WASHINGTON – As a bill banning job discrimination against gay, lesbian and transgender workers moves closer to a House vote, conservative groups are alerting Christians to take action against what they say would create a crisis for faithful Americans.
Gay rights advocates expect the Employment Non-Discrimination Act (ENDA) to win House approval in coming weeks but are unable to predict how the narrowly divided Senate will vote.
"We know it's going to be very close," said Matt Barber, policy director for cultural issues for Concerned Women for America, according to The Associated Press.
Barber argues that while ENDA proponents say the bill is a mere extension of the 1964 Civil Rights Act, banning employment discrimination based upon "sexual orientation," the legislation would "actually violate the Civil Rights Act by codifying the very thing it purports to prevent - workplace discrimination."
"The bill pits the government directly against religion which is unconstitutional on its face," he stated.
The Employment Non-Discrimination Act, if passed, would make it illegal for employers to make decisions about hiring, firing, promoting or paying an employee based on sexual orientation or gender identity.
And while churches and the military would be exempt, conservative Christians argue that the exemption is not guaranteed and could always be modified by lawmakers or courts. But even the exemption would not protect faith-based organizations other than churches, at best, according to Barber.
"Groups such as Christian schools, Christian camps, faith-based soup kitchens and Bible book stores would be forced to adopt a view of human sexuality which directly conflicts with fundamental tenets of their faith," he stated.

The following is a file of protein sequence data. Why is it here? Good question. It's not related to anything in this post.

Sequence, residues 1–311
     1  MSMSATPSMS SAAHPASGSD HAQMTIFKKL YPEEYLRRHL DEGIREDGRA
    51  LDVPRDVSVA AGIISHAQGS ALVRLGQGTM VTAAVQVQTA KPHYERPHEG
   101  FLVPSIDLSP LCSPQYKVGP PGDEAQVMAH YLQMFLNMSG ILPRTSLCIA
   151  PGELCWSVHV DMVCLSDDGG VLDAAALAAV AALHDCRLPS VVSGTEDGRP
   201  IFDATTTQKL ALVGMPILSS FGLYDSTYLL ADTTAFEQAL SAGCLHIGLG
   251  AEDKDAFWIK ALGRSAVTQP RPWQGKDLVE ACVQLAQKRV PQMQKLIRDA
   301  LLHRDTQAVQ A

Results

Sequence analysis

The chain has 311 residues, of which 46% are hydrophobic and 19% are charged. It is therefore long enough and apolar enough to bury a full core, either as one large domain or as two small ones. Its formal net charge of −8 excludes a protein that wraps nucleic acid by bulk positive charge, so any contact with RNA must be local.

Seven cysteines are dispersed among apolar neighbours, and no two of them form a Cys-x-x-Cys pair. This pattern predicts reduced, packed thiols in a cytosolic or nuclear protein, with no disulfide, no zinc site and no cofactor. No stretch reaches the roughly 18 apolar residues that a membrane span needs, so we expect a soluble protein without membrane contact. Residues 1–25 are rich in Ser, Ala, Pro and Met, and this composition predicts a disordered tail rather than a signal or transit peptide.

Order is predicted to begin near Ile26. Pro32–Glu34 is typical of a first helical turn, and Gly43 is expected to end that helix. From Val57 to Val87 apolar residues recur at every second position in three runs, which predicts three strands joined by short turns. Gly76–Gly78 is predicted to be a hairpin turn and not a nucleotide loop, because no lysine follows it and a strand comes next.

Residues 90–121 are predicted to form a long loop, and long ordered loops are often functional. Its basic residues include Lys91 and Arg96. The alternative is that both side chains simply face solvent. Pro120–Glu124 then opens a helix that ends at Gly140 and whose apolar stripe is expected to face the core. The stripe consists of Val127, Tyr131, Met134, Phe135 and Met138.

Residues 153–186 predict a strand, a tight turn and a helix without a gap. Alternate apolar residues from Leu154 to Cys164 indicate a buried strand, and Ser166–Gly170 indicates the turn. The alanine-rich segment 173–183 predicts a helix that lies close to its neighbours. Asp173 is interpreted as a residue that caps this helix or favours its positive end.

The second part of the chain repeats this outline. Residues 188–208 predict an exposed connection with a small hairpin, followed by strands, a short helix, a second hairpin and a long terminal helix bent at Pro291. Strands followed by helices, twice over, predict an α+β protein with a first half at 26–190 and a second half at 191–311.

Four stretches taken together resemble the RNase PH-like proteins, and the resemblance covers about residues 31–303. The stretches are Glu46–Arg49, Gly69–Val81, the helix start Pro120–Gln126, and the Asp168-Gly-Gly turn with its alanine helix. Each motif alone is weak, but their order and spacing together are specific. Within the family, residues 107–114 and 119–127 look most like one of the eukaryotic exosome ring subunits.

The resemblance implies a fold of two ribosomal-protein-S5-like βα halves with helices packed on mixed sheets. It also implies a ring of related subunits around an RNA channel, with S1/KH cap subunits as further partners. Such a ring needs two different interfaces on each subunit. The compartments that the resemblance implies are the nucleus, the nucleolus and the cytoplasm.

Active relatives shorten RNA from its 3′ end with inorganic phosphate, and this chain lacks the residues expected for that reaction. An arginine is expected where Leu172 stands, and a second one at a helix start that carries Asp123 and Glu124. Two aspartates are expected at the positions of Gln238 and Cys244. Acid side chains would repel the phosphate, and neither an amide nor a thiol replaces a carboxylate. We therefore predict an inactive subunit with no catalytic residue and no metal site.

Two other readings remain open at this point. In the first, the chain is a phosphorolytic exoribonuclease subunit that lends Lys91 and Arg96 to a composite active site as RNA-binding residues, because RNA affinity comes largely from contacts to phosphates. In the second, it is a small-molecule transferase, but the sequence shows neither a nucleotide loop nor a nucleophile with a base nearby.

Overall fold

"Not being able to hire people based on their agreement with your sense of the principles and values of the institution would be devastating," said Rep. Roby Blunt (R-Mo.), according to CitizenLink, a publication of Focus on the Family.
Focus on the Family, one of the largest and most influential Christian organizations promoting family and biblical values, is calling its millions of listeners and supporters to take action to oppose the legislation.
CitizenLink managing editor Stuart Shepard said that the bill is "another attempt to shut up Christians who take a stand for morality."
Warning that the title of the bill may draw supporters, Shepard preferred to "more truthfully" name the bill the "Give special rights to a few based on a 'particular behavior' and take rights away from employers – particularly Christian employers – Act."
Other critics of the bill say gay rights advocates are exaggerating the extent of anti-gay discrimination in hopes of boosting their political agenda, according to AP.
"It is affording extra protection to a group that has not been disadvantaged," said Tom McClusky, vice president of government affairs for the Family Research Council, a socially conservative group.
The bill needs 60 votes, rather than a simple majority, to pass the Senate. President Bush has not said where he stands.